Ceri Jones, Food Learning Officer
Constance Spry, was not only the 20th century’s most influential floral decorator, but a cookbook and recipe writer too.
In the culinary world she is best known for her co-creation of ‘Coronation Chicken’ which features in her 1956 book The Constance Spry Cookbook. The dish was created for Queen Elizabeth II’s coronation in 1953 with friend and Le Cordon Bleu Paris graduate Rosemary Hulme who co-authored the cookbook. Earlier in 1945, they had also partnered to relaunch a domestic science school which taught flower arranging as well as cooking.
However, it is Spry’s lesser known Come into the Garden, Cook first published in 1942, that I was handed by our curator Emma House, to explore and research for a food-related blog post to coincide with our current exhibition on her life. The book is on display as part of the exhibition.
Vegetables are the focus of the book, and whilst Spry was not vegetarian, she championed eating vegetables in order to feel better. Notably this was some 60 years before the Government ‘5 A Day’ message became mainstream! In the opening of the book Spry refers to vegetables as “foods for the gods”.
The chapters group ingredients together into chapters such as root vegetables, leaves & stems, flowers & fruits. There are vegetables you’d expect to see in the 1940s – potatoes, carrots, onions. There are also the more unusual – kohlrabi, salsify and sea kale. Spry notes “If I want to eat a vegetable, I had to grow it” (page 4).
Recipes are woven into Spry’s narrative throughout the main chapters of the book, yet not always given their own separate title. There are no glossy pages, photos, or even illustrations of dishes. Quite different to the aspirational coffee table cookbooks we devour today.
1942 was 3 years into World War II, and so the recipes in the book are obviously hindered by the rationing of the time. There is the use of margarine over butter for daily cooking and scant use of cream. Spry comments “it will be nice after the war to have cream and wine and more butter and sugar, because one can make more and better dishes” (page 16).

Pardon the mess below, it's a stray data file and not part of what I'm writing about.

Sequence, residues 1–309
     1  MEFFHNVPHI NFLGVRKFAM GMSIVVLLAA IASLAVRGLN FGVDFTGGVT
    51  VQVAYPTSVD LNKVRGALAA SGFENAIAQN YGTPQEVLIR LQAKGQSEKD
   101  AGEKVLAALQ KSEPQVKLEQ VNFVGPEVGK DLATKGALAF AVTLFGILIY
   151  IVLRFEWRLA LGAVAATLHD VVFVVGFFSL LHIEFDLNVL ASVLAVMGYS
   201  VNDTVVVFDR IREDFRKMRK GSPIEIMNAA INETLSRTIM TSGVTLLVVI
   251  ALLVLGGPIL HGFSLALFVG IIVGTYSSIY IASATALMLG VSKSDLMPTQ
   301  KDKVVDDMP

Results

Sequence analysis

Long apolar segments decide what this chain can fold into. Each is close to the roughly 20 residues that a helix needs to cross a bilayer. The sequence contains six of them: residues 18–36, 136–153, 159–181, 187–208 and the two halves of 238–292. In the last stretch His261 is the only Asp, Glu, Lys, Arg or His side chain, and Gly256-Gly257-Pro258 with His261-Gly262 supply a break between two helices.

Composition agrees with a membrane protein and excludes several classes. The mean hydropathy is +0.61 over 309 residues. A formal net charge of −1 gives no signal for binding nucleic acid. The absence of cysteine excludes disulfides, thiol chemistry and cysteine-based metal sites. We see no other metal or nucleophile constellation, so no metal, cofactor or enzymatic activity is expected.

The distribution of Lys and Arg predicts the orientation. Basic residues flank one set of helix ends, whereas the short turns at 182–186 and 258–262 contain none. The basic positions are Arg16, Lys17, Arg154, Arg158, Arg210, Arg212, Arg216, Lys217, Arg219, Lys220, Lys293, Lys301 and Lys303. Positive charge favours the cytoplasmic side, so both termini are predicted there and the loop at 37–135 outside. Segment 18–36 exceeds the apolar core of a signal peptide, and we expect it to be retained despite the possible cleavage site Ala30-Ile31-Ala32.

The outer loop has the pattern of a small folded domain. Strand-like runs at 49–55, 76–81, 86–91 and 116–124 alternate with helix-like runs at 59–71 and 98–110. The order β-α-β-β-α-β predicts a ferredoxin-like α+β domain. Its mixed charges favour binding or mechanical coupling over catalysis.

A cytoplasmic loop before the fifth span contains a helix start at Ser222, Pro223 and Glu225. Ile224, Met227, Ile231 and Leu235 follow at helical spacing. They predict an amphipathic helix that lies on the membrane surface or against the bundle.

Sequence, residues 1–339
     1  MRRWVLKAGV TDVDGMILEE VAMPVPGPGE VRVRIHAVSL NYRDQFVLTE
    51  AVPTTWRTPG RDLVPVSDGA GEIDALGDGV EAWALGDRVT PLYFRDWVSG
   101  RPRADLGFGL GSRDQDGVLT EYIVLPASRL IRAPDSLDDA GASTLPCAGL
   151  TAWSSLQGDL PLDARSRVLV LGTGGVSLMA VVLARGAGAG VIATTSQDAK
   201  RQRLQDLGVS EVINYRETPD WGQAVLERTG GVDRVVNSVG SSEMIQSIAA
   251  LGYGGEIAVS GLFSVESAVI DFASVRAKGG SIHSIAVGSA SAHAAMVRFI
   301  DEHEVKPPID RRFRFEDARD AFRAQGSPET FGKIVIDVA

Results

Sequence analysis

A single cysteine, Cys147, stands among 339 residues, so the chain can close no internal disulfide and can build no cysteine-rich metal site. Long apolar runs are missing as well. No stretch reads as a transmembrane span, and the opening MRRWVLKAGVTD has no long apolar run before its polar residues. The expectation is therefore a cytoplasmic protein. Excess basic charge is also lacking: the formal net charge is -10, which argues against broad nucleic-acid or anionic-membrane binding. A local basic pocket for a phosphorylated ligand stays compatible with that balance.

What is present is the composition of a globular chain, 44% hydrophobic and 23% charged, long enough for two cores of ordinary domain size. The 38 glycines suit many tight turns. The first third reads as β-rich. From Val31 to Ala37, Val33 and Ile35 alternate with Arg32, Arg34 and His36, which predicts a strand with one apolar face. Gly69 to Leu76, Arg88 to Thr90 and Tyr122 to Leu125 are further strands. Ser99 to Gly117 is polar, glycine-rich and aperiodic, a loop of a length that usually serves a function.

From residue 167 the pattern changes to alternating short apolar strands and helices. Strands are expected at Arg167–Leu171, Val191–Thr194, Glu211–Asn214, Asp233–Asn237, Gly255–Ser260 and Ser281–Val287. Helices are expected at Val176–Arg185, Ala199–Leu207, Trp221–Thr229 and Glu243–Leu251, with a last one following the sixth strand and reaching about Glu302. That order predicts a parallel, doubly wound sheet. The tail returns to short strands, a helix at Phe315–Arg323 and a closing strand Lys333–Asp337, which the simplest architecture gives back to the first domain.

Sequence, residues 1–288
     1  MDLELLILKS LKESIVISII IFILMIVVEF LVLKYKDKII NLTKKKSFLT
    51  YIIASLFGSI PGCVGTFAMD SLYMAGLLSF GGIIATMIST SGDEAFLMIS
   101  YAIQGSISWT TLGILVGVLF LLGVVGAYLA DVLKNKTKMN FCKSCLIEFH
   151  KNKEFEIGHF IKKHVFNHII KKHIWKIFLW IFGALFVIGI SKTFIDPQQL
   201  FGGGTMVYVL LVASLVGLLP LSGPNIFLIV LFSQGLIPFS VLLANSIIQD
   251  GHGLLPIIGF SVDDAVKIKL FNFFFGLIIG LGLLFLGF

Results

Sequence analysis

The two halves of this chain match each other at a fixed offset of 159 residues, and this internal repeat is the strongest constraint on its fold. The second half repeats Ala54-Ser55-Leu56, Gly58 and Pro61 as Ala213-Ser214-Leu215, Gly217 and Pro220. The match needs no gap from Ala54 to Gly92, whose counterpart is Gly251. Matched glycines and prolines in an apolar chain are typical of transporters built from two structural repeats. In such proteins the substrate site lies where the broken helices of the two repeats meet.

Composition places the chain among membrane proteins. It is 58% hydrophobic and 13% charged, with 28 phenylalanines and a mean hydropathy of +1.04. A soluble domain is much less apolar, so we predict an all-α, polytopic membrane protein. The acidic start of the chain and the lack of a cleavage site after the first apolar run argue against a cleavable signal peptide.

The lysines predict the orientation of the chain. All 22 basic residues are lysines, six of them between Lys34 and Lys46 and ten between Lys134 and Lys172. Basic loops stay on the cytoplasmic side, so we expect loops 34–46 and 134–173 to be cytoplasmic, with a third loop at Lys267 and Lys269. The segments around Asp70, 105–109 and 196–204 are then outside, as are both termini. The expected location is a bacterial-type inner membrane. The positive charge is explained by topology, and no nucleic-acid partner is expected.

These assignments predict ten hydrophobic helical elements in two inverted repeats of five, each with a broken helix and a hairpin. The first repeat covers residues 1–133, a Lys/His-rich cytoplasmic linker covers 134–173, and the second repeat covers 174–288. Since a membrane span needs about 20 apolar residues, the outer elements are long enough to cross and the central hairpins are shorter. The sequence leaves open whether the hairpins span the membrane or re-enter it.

As a gardener cook Spry would have had no choice but to cook seasonally, so to accompany this article I decided to cook a seasonal summer dish with aubergines and tomatoes, one that on first reading sounded like something I would definitely enjoy to eat. This aubergine dish is casually dropped into the text without a title, new page or even a paragraph break (see, bottom of page 67 and continued onto page 68 below).
The recipe seems like a nod to cooking from the Mediterranean, and is similar, I think to what is now popularly known as the Italian Aubergine Parmigiana. How would she have known about this? She must have been influenced by a cook she knew, since foreign travel would have been thin on the ground mid war. I’m also quite fascinated by the use of aubergines in the UK as early as 1942, a time when French courgettes and Italian zucchini were thought of as exotic, and 8 years prior to Elizabeth David’s A book on Mediterranean Food, which introduced the British to ratatouille.
I will admit I am not that familiar with other published recipe books of this era to know whether the detail (or lack of it) given in Spry’s recipe is typical of the time. But, I do know it is very different to how contemporary recipe books are mostly written. Less hand holding, less detail. There isn’t even an oven temperature given, nor a suggested size of the baking dish it should eventually go in.